There is this moment in This Is Us where Jack is talking to the car salesman in reference to his children and what he wants for them in life, and he says, “I want them to be okay.” (This may not be the exact wording, but you get the gist.)
Basically everything Jack says or does gets me because he is so much like J as a husband and father that’s it eery (I’ve cried way too many times and told him if he dies before I’m ready, I will kill him. It speaks volumes that he still watches this show with me each week even though I become an emotional mess and often a bit irrationally upset at him for a fictional character’s death). And I looked over at him in this moment, tears all ready running down my face, and I just lost it.
8 years of parenting. Of reading and researching and trying and trying again. Of failing. Miserably sometimes. Of questioning everything. Of finding answers that actually only lead to more questions. Of failing again. Of trying harder
I’ve been thinking a lot about this word.
Ki with a two year old and infant loathed this word.
What kind of person – of parent – only aims for okay? Why set the bar so low when you want so much for you children?
Now okay is good enough and good enough is more than acceptable.
I’ve gotten calmer and more laid back with each kiddo.
There are still things that are non-negotiable for me, but that’s not for this post. But in general?
I’m right there. I’m learning and surviving and most days even thriving, and you know what? So are my kids.
And their momma and papa aren’t perfect. Not by a long shot. Even though most days I feel J is about as close to it as humanly possible.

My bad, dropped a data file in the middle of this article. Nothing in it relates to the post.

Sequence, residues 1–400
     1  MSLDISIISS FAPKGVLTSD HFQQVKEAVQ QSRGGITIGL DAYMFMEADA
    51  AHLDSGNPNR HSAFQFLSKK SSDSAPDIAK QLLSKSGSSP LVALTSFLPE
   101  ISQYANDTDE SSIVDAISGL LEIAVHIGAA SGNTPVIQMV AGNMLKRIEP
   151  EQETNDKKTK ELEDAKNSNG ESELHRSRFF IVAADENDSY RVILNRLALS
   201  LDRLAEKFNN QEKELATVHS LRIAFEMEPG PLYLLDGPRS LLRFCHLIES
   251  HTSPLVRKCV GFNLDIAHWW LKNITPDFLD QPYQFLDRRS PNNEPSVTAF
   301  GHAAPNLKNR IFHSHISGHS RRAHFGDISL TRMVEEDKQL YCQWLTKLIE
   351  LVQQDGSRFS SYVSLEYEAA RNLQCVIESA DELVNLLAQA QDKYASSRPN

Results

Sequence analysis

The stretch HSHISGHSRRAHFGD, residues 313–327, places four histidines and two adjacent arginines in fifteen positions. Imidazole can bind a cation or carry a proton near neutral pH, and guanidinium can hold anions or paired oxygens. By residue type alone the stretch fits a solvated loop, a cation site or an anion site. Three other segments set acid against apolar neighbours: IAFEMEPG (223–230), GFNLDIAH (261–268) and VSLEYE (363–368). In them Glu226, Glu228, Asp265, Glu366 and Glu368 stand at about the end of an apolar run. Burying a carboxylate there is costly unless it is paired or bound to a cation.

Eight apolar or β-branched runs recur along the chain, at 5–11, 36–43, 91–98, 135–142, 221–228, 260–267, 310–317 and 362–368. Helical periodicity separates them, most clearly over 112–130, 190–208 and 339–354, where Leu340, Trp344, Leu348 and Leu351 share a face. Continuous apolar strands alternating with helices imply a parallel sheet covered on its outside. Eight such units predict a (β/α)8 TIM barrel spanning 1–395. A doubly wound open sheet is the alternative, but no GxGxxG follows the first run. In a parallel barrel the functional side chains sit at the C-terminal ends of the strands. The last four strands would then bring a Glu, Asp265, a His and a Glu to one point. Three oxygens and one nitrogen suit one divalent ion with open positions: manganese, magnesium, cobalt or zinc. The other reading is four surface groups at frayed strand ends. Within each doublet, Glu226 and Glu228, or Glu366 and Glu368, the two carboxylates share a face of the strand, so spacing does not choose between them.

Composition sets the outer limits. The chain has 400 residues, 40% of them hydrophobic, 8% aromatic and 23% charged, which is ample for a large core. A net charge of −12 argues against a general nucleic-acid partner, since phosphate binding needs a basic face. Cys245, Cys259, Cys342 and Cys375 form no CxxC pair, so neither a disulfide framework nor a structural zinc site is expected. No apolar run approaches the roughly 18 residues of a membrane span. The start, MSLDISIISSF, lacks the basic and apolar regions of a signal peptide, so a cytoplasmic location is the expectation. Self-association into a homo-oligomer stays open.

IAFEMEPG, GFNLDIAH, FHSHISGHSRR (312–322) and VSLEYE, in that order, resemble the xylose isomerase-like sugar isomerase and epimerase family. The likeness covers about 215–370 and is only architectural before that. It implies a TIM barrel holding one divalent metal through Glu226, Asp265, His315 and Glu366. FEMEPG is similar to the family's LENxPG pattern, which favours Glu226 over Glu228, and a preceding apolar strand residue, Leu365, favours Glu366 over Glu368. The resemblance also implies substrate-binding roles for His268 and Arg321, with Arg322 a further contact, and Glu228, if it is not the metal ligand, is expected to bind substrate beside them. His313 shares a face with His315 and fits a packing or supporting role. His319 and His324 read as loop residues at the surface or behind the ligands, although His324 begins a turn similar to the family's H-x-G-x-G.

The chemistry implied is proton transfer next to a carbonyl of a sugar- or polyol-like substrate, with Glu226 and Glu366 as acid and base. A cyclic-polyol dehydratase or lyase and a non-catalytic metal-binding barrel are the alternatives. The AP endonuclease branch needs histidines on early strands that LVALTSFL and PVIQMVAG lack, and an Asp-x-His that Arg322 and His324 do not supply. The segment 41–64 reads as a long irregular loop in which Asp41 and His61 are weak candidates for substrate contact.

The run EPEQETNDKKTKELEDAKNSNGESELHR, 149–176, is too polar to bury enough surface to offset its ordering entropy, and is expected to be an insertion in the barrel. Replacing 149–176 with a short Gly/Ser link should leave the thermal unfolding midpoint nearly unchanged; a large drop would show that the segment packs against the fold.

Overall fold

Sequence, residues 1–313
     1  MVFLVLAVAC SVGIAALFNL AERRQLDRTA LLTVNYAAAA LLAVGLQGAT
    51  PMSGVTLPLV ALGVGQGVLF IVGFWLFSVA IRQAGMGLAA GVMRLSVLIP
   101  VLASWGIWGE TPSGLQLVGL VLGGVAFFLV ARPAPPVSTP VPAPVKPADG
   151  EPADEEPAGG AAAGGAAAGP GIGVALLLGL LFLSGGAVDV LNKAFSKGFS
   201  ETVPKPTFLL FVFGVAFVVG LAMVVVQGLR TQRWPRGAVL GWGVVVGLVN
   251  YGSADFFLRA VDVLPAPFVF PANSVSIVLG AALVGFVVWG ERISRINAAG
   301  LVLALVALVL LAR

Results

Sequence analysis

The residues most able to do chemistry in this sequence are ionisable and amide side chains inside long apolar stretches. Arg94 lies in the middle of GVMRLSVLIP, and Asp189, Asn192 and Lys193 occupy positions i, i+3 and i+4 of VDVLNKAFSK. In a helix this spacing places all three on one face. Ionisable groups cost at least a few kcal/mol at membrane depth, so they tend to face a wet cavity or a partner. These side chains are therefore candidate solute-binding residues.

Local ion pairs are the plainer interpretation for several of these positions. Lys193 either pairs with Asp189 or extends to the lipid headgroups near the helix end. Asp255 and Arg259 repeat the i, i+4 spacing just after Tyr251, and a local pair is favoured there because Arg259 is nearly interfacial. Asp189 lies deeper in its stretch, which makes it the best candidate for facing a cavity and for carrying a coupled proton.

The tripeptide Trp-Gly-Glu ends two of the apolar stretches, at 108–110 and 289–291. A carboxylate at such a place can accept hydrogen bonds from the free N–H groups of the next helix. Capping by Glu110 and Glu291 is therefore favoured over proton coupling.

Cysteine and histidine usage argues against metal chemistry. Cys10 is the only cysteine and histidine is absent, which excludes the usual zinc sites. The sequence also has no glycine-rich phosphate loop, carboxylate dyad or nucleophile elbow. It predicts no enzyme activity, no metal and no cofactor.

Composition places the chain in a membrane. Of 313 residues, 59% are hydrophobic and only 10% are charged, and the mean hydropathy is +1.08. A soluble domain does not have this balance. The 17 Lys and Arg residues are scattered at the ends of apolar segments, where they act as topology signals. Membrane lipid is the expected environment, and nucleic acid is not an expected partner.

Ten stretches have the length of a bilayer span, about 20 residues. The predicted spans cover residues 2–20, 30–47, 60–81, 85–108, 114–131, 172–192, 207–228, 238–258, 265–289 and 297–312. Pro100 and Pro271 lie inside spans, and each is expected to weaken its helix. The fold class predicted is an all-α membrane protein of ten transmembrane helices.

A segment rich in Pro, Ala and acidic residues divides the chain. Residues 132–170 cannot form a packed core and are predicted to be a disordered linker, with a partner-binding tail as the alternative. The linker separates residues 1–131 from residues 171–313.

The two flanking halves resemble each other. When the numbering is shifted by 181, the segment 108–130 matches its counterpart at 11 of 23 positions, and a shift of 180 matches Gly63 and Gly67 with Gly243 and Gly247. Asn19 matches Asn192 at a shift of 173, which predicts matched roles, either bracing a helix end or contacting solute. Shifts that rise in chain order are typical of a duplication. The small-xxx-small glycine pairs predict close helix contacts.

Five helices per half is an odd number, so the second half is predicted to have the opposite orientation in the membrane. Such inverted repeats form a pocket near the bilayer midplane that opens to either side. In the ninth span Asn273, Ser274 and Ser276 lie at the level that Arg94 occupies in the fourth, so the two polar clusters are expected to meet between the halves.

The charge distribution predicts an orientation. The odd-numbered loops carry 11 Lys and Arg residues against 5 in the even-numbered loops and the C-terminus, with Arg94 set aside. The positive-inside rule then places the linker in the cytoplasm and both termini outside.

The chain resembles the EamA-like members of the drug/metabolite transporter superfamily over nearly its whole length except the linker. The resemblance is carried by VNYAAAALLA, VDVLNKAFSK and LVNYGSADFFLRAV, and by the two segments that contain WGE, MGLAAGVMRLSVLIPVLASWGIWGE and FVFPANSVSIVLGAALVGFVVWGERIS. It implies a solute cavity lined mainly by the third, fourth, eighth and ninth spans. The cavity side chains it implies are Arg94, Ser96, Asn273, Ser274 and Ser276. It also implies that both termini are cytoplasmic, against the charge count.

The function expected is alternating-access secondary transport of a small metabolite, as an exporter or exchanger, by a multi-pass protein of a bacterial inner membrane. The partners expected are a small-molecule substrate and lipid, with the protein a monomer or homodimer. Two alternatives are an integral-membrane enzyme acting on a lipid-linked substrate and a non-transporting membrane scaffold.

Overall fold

I strive to be more patient every single day. I battle my type A personality that wants everything to be perfect and I try so hard to get that evil little word out of my head and vocabulary all together.
Perfect isn’t attainable. It’s isn’t real.
I can do that. And I can do it without beating myself up every time I fail.
Sometimes I will have the patience to let my two year old do his own car seat buckles even though it adds ten minutes to our adventure.
Sometimes I will have the empathy to hold my near tween when she’s crying over spilled nail polish.
Sometimes I will just sing to and rock the fussy, teething infant who hasn’t slept in twelve hours.
Sometimes I will be able to just grin and let my 6 year old continue belting out music at the top of his lungs when I deeply desire quiet.
Most of the times, even.
But sometimes I will buckle his car seat clips and tell her that I can’t sit with her for an hour while she cries and I will put the fussy baby down for five minutes and walk away and I will insist on peace and quiet.
And it’s okay.
Because although I will always strive to be more patient and more gentle and more respectful, I am human. And I will fail.
And that’s okay.
Because regardless, my kiddos will be okay.
Deeply loved, and okay.